New exhibition marks 250th anniversary since the death of Venetian artist Canaletto

Access to the comments Comments
By Mark Armstrong
Canaletto's works were known for their realism and vibrancy
Canaletto's works were known for their realism and vibrancy

It is 250 years since the death of Giovanni Antonio Canal, better known as Canaletto. To mark the anniversary Rome is hosting a major exhibition of the Venice-born painter's works at the Palazzo Braschi.

The works have been gathered from museums around the world, including Moscow, Paris, Budapest, London, Wien, Boston, Kansas City, Cincinnati, Milan, Turin, Rome and Venice.

His descriptive paintings, with their hyper-realistic level of detail, became the most famous iconography of Venice in the 18th century.

He was known for slightly altering the perspective, the colours and daily life along the canals in order to please northern European tastes. The colours became warmer and the perspective wider, as if he was using a sort of fish eye.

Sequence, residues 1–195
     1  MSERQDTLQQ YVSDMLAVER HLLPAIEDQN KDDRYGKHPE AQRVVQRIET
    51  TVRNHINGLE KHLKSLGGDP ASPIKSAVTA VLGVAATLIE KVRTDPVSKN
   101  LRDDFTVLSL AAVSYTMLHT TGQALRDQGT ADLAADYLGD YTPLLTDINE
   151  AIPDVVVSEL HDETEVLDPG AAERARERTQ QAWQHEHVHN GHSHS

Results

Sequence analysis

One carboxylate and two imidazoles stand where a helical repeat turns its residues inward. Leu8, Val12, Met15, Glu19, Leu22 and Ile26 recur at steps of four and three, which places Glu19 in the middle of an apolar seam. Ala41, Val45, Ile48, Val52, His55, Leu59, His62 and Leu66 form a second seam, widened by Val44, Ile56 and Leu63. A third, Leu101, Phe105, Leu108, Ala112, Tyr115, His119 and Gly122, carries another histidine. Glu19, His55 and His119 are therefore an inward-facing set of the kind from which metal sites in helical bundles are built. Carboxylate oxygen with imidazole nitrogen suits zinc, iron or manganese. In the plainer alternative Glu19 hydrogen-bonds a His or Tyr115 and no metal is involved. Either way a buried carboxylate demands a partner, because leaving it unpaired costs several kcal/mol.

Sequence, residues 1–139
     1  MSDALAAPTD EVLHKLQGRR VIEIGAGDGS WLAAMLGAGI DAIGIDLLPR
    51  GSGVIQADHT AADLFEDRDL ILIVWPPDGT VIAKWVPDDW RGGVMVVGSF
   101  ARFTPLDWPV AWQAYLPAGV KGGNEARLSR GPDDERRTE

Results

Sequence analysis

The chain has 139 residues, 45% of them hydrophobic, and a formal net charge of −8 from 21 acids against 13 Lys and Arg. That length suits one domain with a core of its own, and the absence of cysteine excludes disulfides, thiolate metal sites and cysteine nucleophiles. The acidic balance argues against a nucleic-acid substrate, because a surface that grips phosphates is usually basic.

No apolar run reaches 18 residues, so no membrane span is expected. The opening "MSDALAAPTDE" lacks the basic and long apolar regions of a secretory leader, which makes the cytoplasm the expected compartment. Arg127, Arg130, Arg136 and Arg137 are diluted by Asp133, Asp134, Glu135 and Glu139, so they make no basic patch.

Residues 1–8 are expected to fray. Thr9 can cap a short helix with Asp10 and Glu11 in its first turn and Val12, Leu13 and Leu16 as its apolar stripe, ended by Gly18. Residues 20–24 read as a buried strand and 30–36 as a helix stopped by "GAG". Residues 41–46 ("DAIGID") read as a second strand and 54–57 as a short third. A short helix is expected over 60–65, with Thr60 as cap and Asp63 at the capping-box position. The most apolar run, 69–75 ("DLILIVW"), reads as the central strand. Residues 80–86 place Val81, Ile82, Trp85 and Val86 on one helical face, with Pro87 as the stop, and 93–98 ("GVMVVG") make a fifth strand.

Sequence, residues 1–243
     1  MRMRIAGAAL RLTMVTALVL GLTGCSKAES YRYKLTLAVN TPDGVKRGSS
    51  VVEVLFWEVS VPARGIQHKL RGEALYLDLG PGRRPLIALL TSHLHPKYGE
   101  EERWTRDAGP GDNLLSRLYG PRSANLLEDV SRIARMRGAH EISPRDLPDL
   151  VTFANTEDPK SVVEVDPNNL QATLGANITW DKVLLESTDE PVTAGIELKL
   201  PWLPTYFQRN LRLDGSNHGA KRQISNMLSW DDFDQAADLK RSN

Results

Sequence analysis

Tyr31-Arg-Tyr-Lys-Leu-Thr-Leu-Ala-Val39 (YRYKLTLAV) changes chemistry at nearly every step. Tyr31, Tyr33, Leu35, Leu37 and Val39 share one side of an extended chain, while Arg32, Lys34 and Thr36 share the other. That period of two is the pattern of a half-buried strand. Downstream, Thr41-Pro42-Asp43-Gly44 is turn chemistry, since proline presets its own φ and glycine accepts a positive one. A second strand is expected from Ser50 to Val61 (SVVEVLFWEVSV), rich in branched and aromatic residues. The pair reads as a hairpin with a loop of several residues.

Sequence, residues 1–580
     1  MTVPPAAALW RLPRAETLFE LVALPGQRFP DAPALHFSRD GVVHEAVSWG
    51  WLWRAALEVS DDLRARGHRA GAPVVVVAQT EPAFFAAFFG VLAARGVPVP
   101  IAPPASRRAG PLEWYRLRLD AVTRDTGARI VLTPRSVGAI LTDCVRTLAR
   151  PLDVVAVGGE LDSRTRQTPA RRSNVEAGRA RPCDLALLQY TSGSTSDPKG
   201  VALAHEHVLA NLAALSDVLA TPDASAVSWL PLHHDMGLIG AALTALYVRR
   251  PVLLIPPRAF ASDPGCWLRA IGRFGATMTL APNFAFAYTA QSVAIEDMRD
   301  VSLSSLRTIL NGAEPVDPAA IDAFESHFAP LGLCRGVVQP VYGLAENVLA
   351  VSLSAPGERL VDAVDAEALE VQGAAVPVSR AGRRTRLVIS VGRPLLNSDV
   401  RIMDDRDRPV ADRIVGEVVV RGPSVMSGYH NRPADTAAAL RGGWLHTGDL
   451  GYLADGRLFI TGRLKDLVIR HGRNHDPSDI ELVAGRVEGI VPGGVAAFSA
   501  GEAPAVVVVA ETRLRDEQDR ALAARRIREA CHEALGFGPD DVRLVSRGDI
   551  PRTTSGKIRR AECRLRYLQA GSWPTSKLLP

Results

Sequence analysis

Canaletto became very esteemed and sought after by rich British art lovers but according to the exhibition curator, Bożena Anna Kowalczyk, there were people who thought him a difficult artist to deal with:

"We are aware of the fact that there are the opinions of the English agents and clients who described him as a greedy and stingy artist who was changing the price every day and as somebody you had to be very careful with as he could not deliver the painting. Basically you had to take a lot of precautions to deal with him. But I think this is a sort of fictional image, also because the idea of such a self-confident artist works and is attractive. But in the end I believe that Canaletto was a humble, calm man who loved his work, loved Venice.

The exhibition runs until August 19.